OLPCs: if you were leader of a 3rd world country, would you buy them?

Note: This post might be a little dated. It was published in December 2007.

Imagine you are the benevolent leader of a small fictional country somewhere in the third world. Your resources are limited. While your country isn’t as poor as some other third world countries, many of your citizens can’t read or write, and some live in complete poverty. Much of the population lives in slums, and people are currently migrating in droves from rural areas to the city. Your country and the world around it is changing.

Since you are a nice leader and you care for your people, you want to start increasing your yearly spend on education (as well as healthcare and housing). Last month some Westerners in shiny suits came to visit and tried to talk you into buying OLPCs. Everyone else in your position seems to be buying them.

It seems like a good idea, but on the other hand, you can’t really afford them. Buying them would involve cutting back on other things. It’s a substantial decision. You firmly believe that computers and internet are the future, but are they the right thing for you to buy right now, with what little money you have?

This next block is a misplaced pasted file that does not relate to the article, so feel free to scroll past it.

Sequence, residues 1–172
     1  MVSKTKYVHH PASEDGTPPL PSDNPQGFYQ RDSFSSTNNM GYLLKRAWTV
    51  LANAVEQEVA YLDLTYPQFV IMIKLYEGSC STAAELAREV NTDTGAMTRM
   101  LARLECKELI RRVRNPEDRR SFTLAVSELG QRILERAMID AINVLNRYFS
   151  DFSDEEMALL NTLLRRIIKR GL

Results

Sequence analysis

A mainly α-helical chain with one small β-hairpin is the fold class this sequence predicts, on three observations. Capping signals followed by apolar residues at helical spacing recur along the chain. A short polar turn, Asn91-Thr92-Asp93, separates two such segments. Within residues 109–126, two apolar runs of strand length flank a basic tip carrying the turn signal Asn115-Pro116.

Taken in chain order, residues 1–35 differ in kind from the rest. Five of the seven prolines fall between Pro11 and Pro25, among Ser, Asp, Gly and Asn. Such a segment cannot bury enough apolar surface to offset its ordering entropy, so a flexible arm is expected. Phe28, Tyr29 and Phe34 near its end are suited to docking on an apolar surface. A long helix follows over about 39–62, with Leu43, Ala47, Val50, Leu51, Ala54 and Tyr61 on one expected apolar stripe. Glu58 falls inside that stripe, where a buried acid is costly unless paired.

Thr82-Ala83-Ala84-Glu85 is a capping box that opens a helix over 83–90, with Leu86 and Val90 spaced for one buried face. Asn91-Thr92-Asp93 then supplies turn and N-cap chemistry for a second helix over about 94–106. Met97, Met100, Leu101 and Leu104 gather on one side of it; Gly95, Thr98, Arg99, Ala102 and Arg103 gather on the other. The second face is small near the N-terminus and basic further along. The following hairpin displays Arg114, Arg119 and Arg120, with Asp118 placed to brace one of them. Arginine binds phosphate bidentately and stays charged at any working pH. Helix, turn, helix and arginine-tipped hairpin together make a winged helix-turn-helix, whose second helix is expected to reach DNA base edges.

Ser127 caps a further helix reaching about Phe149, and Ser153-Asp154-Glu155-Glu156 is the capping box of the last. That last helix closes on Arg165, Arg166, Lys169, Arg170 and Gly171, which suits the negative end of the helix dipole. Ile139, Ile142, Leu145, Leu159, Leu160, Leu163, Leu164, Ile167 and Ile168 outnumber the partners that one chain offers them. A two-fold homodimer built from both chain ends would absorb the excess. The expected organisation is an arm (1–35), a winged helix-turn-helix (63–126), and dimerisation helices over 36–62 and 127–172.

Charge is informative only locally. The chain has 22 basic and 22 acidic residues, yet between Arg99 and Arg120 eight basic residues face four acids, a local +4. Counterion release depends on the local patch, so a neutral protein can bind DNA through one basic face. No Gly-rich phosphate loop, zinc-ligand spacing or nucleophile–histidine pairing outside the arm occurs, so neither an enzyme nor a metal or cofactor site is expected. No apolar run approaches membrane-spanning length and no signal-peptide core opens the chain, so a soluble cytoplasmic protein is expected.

And you suspect that the men in shiny suits don’t really know how things will pan out for the children of your country. You’re worried the OLPC might be a white elephant. It almost feels like a big experiment carried out by the west, but funded by you.

What do you do?

  1. Blow your cash on a lot of OLPCs. Trust that teacher training and infrastructure will emerge organically, as a result of being ‘connected’.
  2. Don’t buy any OLPCs yet. Instead spend the money on old-fashioned, unsexy stuff like teacher training, books, school buildings and blackboards. Then, watch what happens in other countries like yours that have adopted the OLPC. Perhaps in the mean time some alternatives will appear on the market.
  3. or… something else? Your suggestions please!

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